‘What are you looking at?’: The science of facial pareidolia

image1 copy 2As a child, much to my parents’ confusion, I had the uncanny ability to see faces in everyday patterns and objects. Yes, my circle of friends soon extended well beyond the confines of the playground, covering cloud formations, leaves, coffee stains and my personal favourite, a wise old man who stared knowingly down from a rip in my bedroom wallpaper. This peculiarity was put down to the fact that I was  an only child with a particularly overactive imagination. However, the ability has never left me and these illusionary faces often still pop up from time to time…although I now rarely try and engage them in conversation.

Therefore, I was quite interested to find that this phenomenon, known as facial pareidolia, is actually quite common. It is also the subject of a recent research paper entitled: ‘Seeing Jesus in Toast: Neural and behavioural correlates of face pareidolia’, which won its authors an Ig Nobel prize*. This paper explores how pareidolias (both facial and otherwise) can be used to understand the way our brains process information and how our sensory experiences often incorporate more than meets the eye.

We all know that our sensory experiences (vision, olfaction, touch etc) begin life in our sensory organs (eyes, nose, fingertips etc). Once a sensation is detected, this travels to the brain, where it is processed into a multi-sensory experience. However, we are not just passive sensors, like a camera. Instead our sensations are often coloured by internal processes, such as mood, expectation or attention. This ‘colouring’ is known as top-down modulation and can be a particularly personal experience (think of the Rorschach ‘inkblot’ test). Facial pareidolia is a good example of top-down modulation since: our sensory organs are simply experiencing a random pattern of input (such as a cloud formation or coffee stain), and something else causes us to give this input a more familiar or meaningful interpretation – in this case a face.

The study described in ‘Seeing Jesus in Toast’ investigated which brain regions were active when participants experienced pareidolia for either faces or letters. Specifically, brain activity was monitored while subjects viewed one of five different categories of images:

1) obvious faces (image: A)

2) hard-to-detect faces (image: B)

3) obvious letters (image: C)

4) hard-to-detect letters (image: D)

5) pure noise – no face or letter (image: E).

image2 copy 2

Participants were told that the images they were being shown could  contain either faces or letters and were asked to decide which pictures actually showed this hidden imagery. To ensure that all participants experienced pareidolia, the pesky researchers deliberately made sure that this task was really tricky.

What they discovered was that their subjects were a pretty suggestible bunch. Those who expected to see faces often spied a pair of eyes peering out at them from the pure noise stimuli, while those who were looking for letters often saw just that. .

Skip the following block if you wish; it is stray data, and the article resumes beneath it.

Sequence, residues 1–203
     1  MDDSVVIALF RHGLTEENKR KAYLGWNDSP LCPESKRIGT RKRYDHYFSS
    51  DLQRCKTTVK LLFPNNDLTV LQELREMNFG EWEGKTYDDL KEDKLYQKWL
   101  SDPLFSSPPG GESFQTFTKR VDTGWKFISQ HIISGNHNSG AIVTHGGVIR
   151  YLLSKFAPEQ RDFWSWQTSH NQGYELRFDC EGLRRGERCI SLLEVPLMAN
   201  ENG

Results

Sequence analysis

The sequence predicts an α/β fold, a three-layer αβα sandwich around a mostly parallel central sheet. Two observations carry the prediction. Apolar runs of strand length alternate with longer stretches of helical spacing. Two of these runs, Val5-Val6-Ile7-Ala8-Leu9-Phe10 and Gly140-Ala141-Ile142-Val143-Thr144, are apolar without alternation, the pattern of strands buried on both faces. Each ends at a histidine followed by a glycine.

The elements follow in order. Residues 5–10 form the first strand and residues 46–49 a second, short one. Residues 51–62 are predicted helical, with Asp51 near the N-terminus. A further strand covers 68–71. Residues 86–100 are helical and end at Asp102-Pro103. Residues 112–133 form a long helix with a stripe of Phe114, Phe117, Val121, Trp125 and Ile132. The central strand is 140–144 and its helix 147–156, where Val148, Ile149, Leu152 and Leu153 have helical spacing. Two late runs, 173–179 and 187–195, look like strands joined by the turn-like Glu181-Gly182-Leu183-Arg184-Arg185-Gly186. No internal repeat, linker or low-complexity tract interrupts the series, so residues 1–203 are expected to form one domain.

From this work, the researchers were able to identify a network of crafty brain regions which seemed to be specifically responsible for tricking us into seeing illusory faces. They suggested that when we expect to see a face, regions of the brain responsible for decision making and facial recognition (such as the prefrontal cortex) shout commands down to regions that process more basic elements of images  ( in this case a region known as the right fusiform face area). Such a shout forces the ‘lower’ areas to incorrectly interpret a noisy image as containing a face. Put simply, if the brain is expecting to see a face it can alter the way we interpret visual information and make us see things which aren’t actually there.

drawingInterestingly, not all noisy images were incorrectly interpreted as showing faces. In fact, when the researchers took a closer look and compared noisy images which were mistaken for faces with those which were not, they found that these did actually contain patterns which looked a bit like faces. Take a good long squint at the image to the left (showing a noisy image mistaken for a face) and, at least to me, it’s easy to see two eyes a nose and an open mouth.

The researchers suggest that the system responsible for seeing faces popping out of highly ambiguous visual information may actually be adaptive. Specifically, they say “The tendency to detect faces in ambiguous visual information is perhaps highly adaptive given the supreme importance of faces in our social life and the high cost resulting from failure to detect a true face”. So, it appears that not only is seeing faces perfectly normal, but it may even be a socially adaptive trait. I guess that means I’m not really crazy and neither is this woman

Post by: Sarah Fox

* The Ig Nobel Prizes honor achievements that make people laugh, and then make them think and include a huge range of fascinating research. If you’ve not already heard of them I strongly recommend you have a browse through their website (here).


4 thoughts on “‘What are you looking at?’: The science of facial pareidolia”

  1. Although ‘B’ has a great image of a bearded older man (upper left), ‘E’ is chock-full of smaller images ( I counted over a dozen). How’d you do with ‘E,’ Sarah?

    • Yes E has loads of small patterns which can easily be interpreted as being faces.. But, one thing that confuses me about this study is that the ‘obvious face’ in A is nothing like the smaller more abstract faces I can see in the other ‘noisy’ images – So, If i were a participant in this study, and I was looking for faces similar to the example in A, I would probably conclude that I couldn’t see faces in any of the other images (at least not faces that looked as realistic as the example face).

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